Karin Lock reviews The Beekeeper of Aleppo by Christy Lefteri
With the hotter weather enabling calmer crossings, the debate over illegal Channel boat traffic is dominating the newspaper headlines once again.
As border control becomes more militarised, with Royal Air Force planes and Royal Marines boats now policing the strait, critics and activists are calling for a safe, legal route for asylum seekers to enter the UK.
Despite the presumption that these are ‘economic migrants’ to be ‘pushed back’ to France, the overwhelming majority are desperate people fleeing decades of civil war and daily bomb attacks in Syria, Afghanistan or Iraq. Arriving in the UK, they await their claims for refugee status; their lives prescribed by restrictive policies and a bewildering immigration process.
It is hard to imagine a life of such constant stress and uncertainty yet The Beekeeper of Aleppo is one novel that attempts to describe the realities of migration under these tortuous circumstances. Having volunteered for two summers in a UNICEF-supported refugee centre for women and children in Athens, the author Christy Lefteri used her life-changing experience to give those survivors a voice.
Written with empathy and authenticity, The Beekeeper of Aleppo is an amalgamation of true accounts heard by the writer. Having lost their Aleppo home, livelihoods and son, the book’s narrator Nuri, and his wife Afra, have travelled through Syria, Turkey and Greece to reach an unnamed seaside town in Britain.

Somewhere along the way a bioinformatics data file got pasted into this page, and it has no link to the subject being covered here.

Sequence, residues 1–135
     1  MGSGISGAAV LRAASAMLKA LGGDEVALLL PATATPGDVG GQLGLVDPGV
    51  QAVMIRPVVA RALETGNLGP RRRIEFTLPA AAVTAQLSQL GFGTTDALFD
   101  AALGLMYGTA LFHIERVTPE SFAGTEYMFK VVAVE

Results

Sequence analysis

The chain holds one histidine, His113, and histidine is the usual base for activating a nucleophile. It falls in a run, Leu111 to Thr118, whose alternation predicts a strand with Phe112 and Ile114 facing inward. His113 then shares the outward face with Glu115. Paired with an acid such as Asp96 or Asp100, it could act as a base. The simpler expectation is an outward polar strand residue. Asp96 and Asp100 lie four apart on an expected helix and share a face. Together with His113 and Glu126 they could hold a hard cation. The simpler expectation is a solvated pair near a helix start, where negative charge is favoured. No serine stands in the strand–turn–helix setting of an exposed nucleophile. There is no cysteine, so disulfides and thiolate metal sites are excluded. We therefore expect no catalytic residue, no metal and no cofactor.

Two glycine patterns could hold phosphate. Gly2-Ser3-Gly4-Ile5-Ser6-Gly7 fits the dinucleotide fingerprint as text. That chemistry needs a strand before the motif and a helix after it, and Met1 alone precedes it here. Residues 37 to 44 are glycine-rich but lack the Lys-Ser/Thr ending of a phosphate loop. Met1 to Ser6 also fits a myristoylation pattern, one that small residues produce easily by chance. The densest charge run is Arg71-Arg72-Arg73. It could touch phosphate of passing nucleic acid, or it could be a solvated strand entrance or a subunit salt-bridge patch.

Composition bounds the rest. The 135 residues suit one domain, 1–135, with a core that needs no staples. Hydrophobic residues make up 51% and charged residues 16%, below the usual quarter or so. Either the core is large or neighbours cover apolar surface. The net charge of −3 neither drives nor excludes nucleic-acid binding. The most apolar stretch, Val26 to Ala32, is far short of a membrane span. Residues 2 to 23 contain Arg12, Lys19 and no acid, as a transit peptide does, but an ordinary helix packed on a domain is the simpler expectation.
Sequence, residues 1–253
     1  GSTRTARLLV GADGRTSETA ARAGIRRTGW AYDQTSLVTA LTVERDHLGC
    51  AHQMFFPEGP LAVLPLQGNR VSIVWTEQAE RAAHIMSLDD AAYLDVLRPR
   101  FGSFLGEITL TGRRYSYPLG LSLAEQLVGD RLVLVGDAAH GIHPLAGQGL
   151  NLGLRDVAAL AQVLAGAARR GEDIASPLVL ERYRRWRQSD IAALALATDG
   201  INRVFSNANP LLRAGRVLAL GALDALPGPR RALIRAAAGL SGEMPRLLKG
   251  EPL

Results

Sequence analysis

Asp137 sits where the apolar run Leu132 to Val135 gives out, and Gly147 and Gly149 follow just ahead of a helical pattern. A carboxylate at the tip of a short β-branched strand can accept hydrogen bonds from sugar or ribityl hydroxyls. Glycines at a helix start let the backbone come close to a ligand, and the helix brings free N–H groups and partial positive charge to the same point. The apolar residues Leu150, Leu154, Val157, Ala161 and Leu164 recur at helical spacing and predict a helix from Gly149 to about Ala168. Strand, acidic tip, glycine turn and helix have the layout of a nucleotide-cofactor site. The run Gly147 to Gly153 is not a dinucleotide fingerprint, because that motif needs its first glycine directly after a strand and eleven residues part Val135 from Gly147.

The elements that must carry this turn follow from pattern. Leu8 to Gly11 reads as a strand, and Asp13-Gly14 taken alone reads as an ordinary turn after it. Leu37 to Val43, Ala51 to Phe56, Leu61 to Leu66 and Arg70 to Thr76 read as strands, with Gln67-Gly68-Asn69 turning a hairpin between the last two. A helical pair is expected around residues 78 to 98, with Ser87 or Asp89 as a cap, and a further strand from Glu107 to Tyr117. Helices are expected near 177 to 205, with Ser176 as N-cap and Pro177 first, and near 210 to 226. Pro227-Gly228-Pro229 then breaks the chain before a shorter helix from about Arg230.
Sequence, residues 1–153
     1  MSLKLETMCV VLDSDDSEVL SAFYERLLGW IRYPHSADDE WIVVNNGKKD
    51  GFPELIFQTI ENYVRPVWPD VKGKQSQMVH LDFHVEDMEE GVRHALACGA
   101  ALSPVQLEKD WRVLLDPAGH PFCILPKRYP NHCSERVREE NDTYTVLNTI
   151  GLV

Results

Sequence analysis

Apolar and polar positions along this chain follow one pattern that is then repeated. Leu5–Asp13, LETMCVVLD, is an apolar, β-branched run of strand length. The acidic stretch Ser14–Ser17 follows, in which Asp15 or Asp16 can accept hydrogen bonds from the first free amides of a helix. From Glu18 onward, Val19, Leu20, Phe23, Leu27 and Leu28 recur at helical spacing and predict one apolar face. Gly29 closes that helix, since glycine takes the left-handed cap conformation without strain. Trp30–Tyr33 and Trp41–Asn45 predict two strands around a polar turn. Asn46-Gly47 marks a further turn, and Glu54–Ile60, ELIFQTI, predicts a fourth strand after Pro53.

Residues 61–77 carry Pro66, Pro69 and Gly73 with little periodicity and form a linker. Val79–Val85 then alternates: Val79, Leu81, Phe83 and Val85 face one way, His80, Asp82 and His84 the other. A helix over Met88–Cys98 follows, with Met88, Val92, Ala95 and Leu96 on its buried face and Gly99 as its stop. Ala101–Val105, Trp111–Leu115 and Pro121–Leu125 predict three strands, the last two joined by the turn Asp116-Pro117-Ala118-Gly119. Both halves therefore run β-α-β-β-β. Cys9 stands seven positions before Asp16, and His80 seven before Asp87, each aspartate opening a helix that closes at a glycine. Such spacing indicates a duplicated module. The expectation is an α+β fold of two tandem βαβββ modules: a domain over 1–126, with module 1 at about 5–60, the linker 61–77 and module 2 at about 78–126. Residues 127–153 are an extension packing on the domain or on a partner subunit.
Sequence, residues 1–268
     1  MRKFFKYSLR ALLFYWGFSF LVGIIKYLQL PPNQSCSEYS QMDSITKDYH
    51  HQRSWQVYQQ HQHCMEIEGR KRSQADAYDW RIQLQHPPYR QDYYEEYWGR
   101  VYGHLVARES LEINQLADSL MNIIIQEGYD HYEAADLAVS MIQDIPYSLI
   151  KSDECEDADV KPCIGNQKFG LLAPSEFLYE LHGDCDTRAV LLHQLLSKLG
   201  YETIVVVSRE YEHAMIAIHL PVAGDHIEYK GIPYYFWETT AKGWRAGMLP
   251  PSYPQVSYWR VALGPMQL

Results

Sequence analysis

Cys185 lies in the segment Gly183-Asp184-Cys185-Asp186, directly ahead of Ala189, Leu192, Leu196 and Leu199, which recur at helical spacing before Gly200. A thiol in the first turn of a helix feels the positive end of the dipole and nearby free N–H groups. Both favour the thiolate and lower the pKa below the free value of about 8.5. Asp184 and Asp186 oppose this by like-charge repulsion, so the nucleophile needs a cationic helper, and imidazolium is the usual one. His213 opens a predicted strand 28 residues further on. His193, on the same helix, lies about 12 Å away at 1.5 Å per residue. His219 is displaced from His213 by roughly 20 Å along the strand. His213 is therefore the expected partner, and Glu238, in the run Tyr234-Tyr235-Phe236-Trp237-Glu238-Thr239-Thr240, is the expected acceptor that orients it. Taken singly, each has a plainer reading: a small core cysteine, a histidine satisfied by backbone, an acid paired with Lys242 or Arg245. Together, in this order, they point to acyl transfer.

Interviewed initially by a social worker in their bed and breakfast accommodation, the couple are advised to “get their story straight” before they meet the immigration officer who will decide their fate. As the reader pieces together that story from the fragments of Nuri’s memories, it is evident that both he and his wife are experiencing severe trauma. What keeps the couple going is the hope they will find Nuri’s cousin Mustafa who is now living somewhere in England.
In spite of its chilling descriptions and disarming storyline, The Beekeeper of Aleppo is a vital read because it humanises the experience of displacement in a way that a news report can never do. Although the couple struggle to communicate with each other as much as with the outside world, it is Nuri’s recollections of his former life as a beekeeper that enable him to keep his sense of self.
Throughout the novel, the bee motif cleverly illustrates the importance of community and culture. Like humans, bees need each other to survive; without their hive or colony, they will die. The underlying message of The Beekeeper of Aleppo is that, in such a broken world, we need to look for hope where we can.
This tale is a lesson about the importance of compassion in the face of a dominant mainstream narrative that strives to dehumanise refugees and desensitise us to the unspeakable horrors of war.
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